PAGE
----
Failing to Assert or Protect Your Rights Could Have Dire Consequences
It has been a rather depressing month here at Modern Law. We have watched loving, committed parents be penalized by the court system for failing to assert or protect their legal rights sooner.
In one case, Father of three children picked up the children’s from (custodial) Mother’s home and told her they were coming to live with him. He filed for a modification and she ultimately decided to agree to her children living with Father as long as she had liberal parenting time. In the next four years, Father systematically cut Mother out of the children’s’ lives. He changed schools, doctors, and removed her contact information from official records. He wouldn’t answer or return phone calls or emails or acknowledge the receipt of gifts. She kept asking, and kept being ignored.
Four years later she had enough and filed for a modification of the parenting plan. Father’s response was that she had abandoned the children and that they, now teenagers, wanted nothing to do with her. Her children were downright hostile to her and stated they had only bad memories of their relationship together. Mother asked the Judge for a court ordered parenting plan that would designate when she had the children. Ultimately, the Judge ordered that Mother have 4 hours per month with her children. The Judge stated that Mother had abandoned the children and caused the issue. If Mother wanted counseling, she and she alone would pay for it.
Mother’s failure to assert her parental rights sooner, caused wrath from her children and the Judge. She is now in the very difficult position of trying to pay for expensive therapy alone and/or rebuilding a relationship with hostile teenagers with four hours of parenting time per month.
In case number two, Mother tells Father she wants to move to New Jersey. Her parents are sick and she wants to go spend some time with them. They have one child together who is 6 and Mother tells Father and she will be back in Arizona soon. Father does not dispute Mother’s relocation. Over the next few years, Mother states many times that she will be moving back to Arizona. Father tries to work with Mother to set up parenting time, but Mother will not allow the child to travel to Arizona to see Father. Father makes many trips to New Jersey to see his son. His “parenting time” consists of long weekends in hotels or at amusement parks. This is not the quality time that he wants with his child. Two years after she left, Father files in court to contest Mother’s move to New Jersey. He explains this was to be a temporary and not permanent move to which he consented. He explains that he misses his son and wants to be involved in his life. He asks that the Judge hold her to her word and prevent her from permanently relocating to New Jersey.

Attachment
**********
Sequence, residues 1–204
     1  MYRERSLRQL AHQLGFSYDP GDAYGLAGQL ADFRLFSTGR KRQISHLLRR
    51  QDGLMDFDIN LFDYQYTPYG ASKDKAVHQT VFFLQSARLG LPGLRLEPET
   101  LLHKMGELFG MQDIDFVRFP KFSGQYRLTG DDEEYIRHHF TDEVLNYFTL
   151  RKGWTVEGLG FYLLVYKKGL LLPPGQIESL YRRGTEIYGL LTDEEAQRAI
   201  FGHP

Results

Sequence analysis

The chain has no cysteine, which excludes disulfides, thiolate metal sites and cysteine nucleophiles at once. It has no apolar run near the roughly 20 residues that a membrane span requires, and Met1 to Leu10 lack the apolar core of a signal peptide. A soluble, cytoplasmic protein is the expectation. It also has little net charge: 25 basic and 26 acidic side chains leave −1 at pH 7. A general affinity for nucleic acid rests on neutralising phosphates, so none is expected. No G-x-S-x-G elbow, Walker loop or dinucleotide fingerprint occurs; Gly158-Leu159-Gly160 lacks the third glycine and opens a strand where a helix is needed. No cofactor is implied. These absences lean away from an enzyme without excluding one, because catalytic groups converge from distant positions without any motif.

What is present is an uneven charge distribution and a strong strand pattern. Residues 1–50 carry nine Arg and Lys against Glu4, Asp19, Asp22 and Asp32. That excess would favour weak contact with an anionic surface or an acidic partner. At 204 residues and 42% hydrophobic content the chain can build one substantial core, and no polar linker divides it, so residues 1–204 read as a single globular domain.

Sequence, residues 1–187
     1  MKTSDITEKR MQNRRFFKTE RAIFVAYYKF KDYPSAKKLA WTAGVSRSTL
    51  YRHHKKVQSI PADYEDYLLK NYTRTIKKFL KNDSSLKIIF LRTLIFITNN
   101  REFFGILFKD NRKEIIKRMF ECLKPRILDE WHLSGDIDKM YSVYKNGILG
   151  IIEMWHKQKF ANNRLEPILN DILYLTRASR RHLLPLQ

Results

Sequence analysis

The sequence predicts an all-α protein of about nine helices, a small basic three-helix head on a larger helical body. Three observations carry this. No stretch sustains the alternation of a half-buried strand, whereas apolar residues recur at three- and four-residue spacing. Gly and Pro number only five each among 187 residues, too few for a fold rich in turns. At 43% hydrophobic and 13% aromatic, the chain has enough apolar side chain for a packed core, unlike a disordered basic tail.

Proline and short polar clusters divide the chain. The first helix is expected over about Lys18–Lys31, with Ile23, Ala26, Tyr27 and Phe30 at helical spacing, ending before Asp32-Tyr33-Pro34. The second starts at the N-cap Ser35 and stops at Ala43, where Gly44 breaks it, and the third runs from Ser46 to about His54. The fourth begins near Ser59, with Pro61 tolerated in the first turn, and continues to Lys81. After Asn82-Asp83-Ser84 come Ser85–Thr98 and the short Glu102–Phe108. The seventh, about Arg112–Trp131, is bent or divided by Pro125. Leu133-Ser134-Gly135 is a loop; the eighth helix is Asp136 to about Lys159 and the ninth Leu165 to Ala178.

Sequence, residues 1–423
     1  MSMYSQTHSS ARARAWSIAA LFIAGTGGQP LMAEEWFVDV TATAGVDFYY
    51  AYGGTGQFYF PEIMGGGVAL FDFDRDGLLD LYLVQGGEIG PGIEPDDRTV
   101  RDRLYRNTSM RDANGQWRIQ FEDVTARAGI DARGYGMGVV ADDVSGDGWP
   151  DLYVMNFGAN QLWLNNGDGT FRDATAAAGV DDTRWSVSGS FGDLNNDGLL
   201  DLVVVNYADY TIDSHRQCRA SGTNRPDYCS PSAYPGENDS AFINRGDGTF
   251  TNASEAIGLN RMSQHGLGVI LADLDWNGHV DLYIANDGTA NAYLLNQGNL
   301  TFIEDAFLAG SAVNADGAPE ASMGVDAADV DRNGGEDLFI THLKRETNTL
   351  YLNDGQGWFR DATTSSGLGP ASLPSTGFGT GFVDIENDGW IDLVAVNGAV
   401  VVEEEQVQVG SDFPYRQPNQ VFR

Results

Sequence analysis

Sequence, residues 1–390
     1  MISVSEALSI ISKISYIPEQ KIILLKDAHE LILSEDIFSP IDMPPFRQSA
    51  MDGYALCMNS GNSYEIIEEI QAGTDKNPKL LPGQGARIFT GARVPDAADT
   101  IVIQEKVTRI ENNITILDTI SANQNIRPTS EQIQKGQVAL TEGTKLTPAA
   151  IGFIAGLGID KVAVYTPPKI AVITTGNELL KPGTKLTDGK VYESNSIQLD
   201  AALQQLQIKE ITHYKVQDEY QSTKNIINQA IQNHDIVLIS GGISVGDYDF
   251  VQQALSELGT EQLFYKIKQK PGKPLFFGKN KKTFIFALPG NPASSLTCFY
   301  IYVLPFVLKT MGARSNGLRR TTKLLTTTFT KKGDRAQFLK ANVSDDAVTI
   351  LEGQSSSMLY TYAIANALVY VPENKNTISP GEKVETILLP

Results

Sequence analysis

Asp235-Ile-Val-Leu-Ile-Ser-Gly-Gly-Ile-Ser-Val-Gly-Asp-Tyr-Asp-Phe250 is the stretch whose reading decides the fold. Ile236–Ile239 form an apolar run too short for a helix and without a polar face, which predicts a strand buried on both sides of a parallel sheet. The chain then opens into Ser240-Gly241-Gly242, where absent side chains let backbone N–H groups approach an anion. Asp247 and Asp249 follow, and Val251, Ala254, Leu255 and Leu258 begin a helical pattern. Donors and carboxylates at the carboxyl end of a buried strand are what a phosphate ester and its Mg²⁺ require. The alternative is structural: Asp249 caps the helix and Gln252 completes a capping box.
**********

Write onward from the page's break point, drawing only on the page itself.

The Judge determines that it is Father’s burden to prove under the relocation statute that it is in the child’s best interest to be moved back to Arizona. Mother presents evidence that the child is doing well in school, has friends and is well adjusted to life in New Jersey. Typically, it is the relocating parent’s heavy burden to prove relocation is in the best interest of the child and how that parent will ensure the relationship with the non-moving parent will be protected. In this case, the Judge treated Father’s Petition as his attempt to relocate the child. His failure to challenge Mother’s relocation immediately put him at an extreme disadvantage in the case. Ultimately, the Judge ruled the child and Mother could remain in New Jersey with Father having limited parenting time in Arizona.
Spousal Maintenance/Child Support
In case number three, Mom and Dad are separated but not divorced for five years. In that time, Father pays no child support to Mother who supports her four children single handedly. When Mother files for divorce five years after separation, she asks that the Judge grant her the discretionary retroactive child support for the previous three years and she asks for spousal maintenance based on an extreme disparity of income. Father makes more than $100k per year and Mother makes $40k. The Judge determines Mother does not need spousal maintenance because she has been supporting herself without the help of Father for the last five years. She is awarded retroactive child support only to the date she filed the petition, because she should have filed for divorce sooner.
In all of these cases, the results of the case were due to the extended period of time that the moving party waited between an enticing incident and filing to assert their rights. In case one, Mother would absolutely have been awarded more parenting time, if not equal parenting time, had she filed for years ago. In case number two, Father would have most likely prevented the relocation of the child to New Jersey had he filed immediately to stop the relocation. In case three, Mother would have likely been awarded spousal maintenance and immediate child support had she filed for divorce or legal separation five years ago.
Many times good parents try to work together outside of the court system and are eventually punished for doing so. Know you rights and protect them as soon as you can. Call us for a consultation and we can explore your legal options.